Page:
“Writers read” is more or less a mantra, although I have to admit, how and what I read has changed since I started writing. I don’t mean changed as in when I was younger and absolutely devoured Victoria Holt, had my stretch of Louis L’amour (really), and the classic science fiction novels that gave way to other interests. I look at books differently now simply because I understand more about the mechanics of character and plot development. In knowing more about how books get onto the best seller lists also means I realize being a “best seller” doesn’t mean the book is something I’ll like. I actually tend to steer clear of them until I get a personal recommendation from someone I trust.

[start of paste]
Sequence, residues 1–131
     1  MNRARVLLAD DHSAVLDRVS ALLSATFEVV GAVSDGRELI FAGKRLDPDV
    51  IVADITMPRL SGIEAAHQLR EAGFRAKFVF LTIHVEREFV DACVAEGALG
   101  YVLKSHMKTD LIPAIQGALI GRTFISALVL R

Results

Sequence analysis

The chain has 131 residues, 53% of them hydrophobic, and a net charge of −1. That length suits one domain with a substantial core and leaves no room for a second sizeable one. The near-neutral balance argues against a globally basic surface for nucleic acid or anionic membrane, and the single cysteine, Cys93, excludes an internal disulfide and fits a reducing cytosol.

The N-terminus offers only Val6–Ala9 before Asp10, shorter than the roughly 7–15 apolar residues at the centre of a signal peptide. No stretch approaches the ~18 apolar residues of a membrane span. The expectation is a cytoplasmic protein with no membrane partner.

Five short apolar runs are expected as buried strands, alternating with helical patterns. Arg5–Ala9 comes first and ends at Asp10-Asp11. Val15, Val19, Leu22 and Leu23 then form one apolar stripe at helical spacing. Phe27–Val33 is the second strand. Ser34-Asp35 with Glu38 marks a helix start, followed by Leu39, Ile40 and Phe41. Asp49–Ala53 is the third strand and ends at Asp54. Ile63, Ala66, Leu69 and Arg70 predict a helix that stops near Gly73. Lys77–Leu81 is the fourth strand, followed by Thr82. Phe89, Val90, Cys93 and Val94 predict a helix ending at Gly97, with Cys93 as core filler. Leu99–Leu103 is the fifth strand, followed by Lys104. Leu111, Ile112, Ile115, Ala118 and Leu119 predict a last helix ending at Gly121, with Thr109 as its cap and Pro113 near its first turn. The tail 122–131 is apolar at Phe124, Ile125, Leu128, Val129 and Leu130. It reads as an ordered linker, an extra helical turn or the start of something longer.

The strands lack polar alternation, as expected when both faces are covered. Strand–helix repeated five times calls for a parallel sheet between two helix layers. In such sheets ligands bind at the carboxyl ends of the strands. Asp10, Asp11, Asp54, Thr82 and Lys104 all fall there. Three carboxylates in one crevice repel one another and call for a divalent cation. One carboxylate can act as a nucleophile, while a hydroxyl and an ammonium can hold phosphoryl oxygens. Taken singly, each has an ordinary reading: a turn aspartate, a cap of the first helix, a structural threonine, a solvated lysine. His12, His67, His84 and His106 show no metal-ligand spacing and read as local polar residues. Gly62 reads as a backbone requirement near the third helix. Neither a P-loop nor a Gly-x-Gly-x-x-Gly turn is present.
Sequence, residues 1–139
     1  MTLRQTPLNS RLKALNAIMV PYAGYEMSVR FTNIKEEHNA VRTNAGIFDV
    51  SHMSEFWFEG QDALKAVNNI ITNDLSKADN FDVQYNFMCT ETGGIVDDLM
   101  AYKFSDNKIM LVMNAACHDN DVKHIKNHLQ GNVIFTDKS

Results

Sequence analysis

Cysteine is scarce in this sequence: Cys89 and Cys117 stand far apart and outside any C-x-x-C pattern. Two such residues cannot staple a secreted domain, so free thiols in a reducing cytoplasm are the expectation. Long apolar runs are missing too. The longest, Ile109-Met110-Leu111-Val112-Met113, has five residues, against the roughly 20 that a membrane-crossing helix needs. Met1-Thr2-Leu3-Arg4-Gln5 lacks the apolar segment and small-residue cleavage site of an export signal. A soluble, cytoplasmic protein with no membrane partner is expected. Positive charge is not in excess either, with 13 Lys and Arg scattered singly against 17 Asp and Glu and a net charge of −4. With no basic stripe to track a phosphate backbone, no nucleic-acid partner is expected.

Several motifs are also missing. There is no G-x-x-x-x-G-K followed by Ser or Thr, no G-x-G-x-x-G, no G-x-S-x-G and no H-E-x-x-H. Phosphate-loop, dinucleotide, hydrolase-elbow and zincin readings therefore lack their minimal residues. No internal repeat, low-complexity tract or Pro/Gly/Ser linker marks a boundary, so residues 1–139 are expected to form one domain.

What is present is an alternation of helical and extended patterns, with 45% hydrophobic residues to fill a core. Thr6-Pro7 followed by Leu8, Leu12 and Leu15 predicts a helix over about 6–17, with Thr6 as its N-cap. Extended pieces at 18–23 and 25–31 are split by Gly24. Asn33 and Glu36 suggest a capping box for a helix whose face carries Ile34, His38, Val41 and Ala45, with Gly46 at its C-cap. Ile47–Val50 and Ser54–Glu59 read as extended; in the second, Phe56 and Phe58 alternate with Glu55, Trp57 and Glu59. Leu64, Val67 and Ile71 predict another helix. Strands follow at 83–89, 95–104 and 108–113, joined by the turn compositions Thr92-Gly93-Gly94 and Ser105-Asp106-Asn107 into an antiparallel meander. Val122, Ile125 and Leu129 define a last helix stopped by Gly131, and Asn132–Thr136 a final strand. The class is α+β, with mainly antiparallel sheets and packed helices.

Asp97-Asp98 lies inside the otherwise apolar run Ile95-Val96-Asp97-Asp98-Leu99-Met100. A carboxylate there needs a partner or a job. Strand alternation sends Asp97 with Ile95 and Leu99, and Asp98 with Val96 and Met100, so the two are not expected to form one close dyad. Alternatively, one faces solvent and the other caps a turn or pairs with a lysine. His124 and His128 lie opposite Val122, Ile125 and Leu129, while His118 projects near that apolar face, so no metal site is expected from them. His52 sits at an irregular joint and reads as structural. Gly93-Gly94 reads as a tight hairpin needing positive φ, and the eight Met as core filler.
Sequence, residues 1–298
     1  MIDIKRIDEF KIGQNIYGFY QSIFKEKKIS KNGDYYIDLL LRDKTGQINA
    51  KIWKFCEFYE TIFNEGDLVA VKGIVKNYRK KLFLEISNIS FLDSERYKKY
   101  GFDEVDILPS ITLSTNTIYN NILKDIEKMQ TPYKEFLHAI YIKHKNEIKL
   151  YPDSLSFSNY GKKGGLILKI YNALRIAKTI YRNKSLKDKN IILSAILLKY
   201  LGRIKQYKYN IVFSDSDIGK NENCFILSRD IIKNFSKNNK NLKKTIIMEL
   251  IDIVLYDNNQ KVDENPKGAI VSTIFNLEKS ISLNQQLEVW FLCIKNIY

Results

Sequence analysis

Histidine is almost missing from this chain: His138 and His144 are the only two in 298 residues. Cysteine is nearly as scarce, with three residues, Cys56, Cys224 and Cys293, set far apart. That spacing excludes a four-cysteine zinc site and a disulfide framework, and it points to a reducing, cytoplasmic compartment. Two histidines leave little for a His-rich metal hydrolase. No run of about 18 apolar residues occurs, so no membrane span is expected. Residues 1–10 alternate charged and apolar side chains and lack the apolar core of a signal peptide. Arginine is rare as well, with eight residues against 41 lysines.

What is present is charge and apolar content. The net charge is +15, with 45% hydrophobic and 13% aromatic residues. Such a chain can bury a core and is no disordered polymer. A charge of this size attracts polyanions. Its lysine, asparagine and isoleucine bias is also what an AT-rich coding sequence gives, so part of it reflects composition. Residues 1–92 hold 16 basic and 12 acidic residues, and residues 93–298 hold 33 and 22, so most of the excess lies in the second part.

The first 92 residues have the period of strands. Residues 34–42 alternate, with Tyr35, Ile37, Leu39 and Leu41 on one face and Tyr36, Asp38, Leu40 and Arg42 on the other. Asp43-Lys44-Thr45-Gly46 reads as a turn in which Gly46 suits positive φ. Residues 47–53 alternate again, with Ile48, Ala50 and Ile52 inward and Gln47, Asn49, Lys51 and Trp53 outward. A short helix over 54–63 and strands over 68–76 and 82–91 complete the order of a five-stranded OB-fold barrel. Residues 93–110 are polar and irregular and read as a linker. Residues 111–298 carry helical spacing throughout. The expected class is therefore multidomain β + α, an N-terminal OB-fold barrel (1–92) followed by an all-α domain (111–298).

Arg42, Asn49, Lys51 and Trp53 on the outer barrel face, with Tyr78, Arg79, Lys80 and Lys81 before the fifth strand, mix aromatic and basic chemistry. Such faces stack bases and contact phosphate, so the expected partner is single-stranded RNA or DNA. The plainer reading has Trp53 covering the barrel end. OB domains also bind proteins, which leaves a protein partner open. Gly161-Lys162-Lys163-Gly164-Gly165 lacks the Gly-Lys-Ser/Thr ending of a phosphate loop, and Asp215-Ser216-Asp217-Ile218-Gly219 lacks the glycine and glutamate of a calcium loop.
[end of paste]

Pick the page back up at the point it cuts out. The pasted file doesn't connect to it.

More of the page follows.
Anyway, I finished a book the other day that was one of these dual-time ones, although there was only a 20ish year gap as a daughter was attempting to learn about the tragic death of her parents. The earlier parts were told from the view of her deceased mother. A number of twists were of course revealed along the way with the “big one” coming in the next to the last chapter. I was sort of on the fence as to whether I was enjoying the story, but wanted to see how everything played out. Now comes my annoyance with the way the “big twist” was crafted. In setting one up, an author has a couple of standard choices. Information is completely withheld from the reader or only hinted at. The other is for a character to “think” or “say” things to the reader that are false until the “truth” comes out. In this case, that was the method chosen as the character of the mother repeatedly described angst over a tragedy from her teen years while knowing full well what had actually happened. Don’t get me wrong, it was consistent for the character to lie in dialog with other characters. It was her “internal” dialog that was unnecessarily deceptive. There was another I stopped reading a while back for something similar.Hubby says I’m becoming nit-picking and there could be an element of that.